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'Miles Ahead' Teams Don Cheadle With Ewan McGregor In An Unlikely Buddy Cop Picture...About Jazz Music
Production: Editing: 
Score & Soundtrack: 
For the past thirty years, Don Cheadle has been one of Hollywood's most recognizable character actors, with memorable performances in both indie masterpieces such as Boogie Nights and flashy blockbusters like the Iron Man movies. He finally gets a chance to work behind the camera as well, making his feature film...

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'The Adderall Diaries' Explores The Unreliability Of Memory In A Very Unmemorable Way
Production: Score & Soundtrack: 
In last year's True Story, James Franco played an accused murderer who was the subject of an investigation by a writer (played by Jonah Hill). Now, in The Adderall Diaries, the tables are turned; it's Franco's turn to portray the writer who is obsessed with a man who is standing trial for murder. The Adderall...

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Jake Gyllenhaal Dismantles His Entire Life In 'Demolition'
Production: Score & Soundtrack: 
Between 2013's Dallas Buyers Club and 2014's Wild, director Jean-Marc Vallée has been on a roll for the last few years. That roll continues with his next A-list feature, Demolition. Demolition is about a man named Davis C. Mitchell (Jake Gyllenhaal from Nightcrawler and Enemy) who is involved in a car accident...

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Even The Cuteness Of Anna Kendrick and Sam Rockwell Can't Stop 'Mr. Right' From Going Wrong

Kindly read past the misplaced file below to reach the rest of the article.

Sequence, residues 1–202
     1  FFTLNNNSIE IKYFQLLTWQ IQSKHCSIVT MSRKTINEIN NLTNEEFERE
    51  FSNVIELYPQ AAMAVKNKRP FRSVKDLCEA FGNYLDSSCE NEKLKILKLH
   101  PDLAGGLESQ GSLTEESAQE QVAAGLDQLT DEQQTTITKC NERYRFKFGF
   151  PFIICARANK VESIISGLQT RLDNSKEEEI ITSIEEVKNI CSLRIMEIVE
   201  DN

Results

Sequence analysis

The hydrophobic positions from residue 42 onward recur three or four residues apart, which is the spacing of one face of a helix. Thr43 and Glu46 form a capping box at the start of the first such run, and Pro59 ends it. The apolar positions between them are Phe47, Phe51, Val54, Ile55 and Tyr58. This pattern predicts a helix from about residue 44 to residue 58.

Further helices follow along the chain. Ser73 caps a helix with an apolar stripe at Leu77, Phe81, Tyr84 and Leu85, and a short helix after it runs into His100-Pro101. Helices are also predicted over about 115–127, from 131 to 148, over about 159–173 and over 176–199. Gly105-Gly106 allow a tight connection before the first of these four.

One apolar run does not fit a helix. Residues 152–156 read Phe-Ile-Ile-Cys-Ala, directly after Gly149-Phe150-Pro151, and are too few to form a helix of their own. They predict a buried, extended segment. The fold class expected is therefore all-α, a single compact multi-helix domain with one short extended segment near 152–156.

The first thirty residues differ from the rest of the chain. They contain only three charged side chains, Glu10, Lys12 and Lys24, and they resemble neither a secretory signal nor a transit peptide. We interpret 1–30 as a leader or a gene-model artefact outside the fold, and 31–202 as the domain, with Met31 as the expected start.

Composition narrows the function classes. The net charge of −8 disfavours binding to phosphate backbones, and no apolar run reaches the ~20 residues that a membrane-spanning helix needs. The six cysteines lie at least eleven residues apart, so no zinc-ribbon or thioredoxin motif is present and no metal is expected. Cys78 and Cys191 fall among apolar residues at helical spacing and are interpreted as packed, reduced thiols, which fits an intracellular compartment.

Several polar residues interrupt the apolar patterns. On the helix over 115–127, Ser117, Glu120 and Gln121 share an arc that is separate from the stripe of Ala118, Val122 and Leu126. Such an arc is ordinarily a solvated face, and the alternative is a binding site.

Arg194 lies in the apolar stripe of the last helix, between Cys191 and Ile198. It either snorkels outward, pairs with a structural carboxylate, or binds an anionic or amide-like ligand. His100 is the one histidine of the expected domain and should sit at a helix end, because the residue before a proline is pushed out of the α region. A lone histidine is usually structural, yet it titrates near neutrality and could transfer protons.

Production: Chemistry: 
Comedy Factor: 
Set in New Orleans, Mr. Right stars Anna Kendrick (Into the Woods, The Last Five Years) as Martha McKay, a young woman who, while trying to get over a cheating boyfriend, meets a charismatic stranger named Francis (Sam Rockwell from Poltergeist and Laggies). At first, Martha thinks that Francis is her Mr. Right,...

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'I Saw The Light' Introduces The Next Generation Of Moviegoers To Hank Williams Sr.
Production: Acting: 
Score & Soundtrack: 
There is little doubt that Hank Williams Sr. is one of the most significant and influential figures in American music. Not only is he enshrined in the Country Music Hall of Fame, the Songwriters Hall of Fame, and the Rock and Roll Hall of Fame, but it seems as if every child he has fathered or grandfathered has...

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'Marguerite' Is More Entertaining Than Any Hurtful Movie Has The Right To Be
Production: Score & Soundtrack: 
Marguerite takes place in Paris in the 1920s. A Baroness named Marguerite Dumont (Catherine Frot from Haute Cuisine) is a member of The Amadeus Club, a music club which meets at her palatial home and listens to her sing. She has an agonizingly horrible singing voice, but she's surrounded by sycophants who reassure...

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'Batman v Superman: Dawn of Justice' is a Cinematic Mess With Few Victories
Production: Action Sequences: 
To say that the weight of a fanboy nation rests on the shoulders of Batman v Superman: Dawn of Justice would be to put things mildly. Whereas The Avengers was the culmination of years of careful world building and cinematic planning for Marvel fans, BvS is the DC Comics equivalent.albeit with much less time to...

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Simple And Powerful, 'Krisha' Will Strike A Chord - With The Right Audience
Production: Cinematography: 
Directing: Sound: 
Sometimes, the simplest of movies can also be the most powerful. That's the case with Krisha. Played by Krisha Fairchild (The Killing of John Lennon), the title character in Krisha is a recovering alcoholic who, desperate to reconnect with her estranged family, decides to attend a Thanksgiving dinner. The...

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'Baskin' Masks An Incoherent Story With Slick Filmmaking And Gratuitous Splatter
Production: Scary Factor: 
In the Turkish language, the word "baskin" means "police raid," and that's basically what is at the center of the new Turkish horror movie Baskin. Well, sort of. Baskin is about a squadron of five police officers who get a call to go to a building. Things get weird before they even arrive, as something darts...